The House of Assembly, which is the lower chamber of parliament, fired the cabinet or the executive arm of government, which includes the prime minister and ministers, on Oct. 3 following a ruling by the International Court of Arbitration (ICA) that compelled the state-owned Swaziland Posts and Telecommunications Corporation (SPTC) to shut down all its mobile services after Swazi MTN complained of unfair competition. SPTC has since been left with only its fixed-line business.

Mswati holds 10 percent of MTN shares while Prime Minister Dlamini has a stake in Swaziland Empowerment Limited, which own 19 percent of shares in MTN.

However, some legal experts have argued that the ICA ruling was not legally binding because it was not an order given by the country’s courts, though the government has insisted that it is bound by it.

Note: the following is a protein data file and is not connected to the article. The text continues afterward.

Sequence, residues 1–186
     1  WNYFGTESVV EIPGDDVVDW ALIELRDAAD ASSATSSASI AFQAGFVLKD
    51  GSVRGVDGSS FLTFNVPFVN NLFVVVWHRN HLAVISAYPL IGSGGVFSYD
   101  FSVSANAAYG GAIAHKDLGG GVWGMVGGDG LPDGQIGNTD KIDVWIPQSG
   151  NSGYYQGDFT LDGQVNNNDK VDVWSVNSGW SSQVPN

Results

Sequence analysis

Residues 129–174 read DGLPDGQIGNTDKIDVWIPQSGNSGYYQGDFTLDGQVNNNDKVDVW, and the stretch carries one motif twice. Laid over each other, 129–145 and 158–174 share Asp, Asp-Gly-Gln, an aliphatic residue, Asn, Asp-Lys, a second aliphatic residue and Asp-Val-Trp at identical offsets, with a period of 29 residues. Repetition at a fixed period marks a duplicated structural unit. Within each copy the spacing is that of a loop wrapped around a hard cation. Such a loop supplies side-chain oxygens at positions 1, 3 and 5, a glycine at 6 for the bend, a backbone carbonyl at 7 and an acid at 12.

Prime Minister Dlamini had said a few hours after the vote of no confidence that the cabinet would not step down.

“His Majesty’s government believes that the motion passed by the House of Assembly is null and void as it seeks to compel the cabinet to defy court orders,” Dlamini had said, referring to the ICA ruling.

While the constitution clearly states that the cabinet should resign three days after a vote of no confidence, government spokesperson Percy Simelane told IPS that the executive branch of the government was still waiting for the King’s decision. On Oct. 9 he told reporters that the prime minister would not step down.

Swaziland is a monarchy and Mswati appoints the cabinet and 20 of the 30 senators in the upper chamber of parliament, with the remaining senators appointed by the House of Assembly.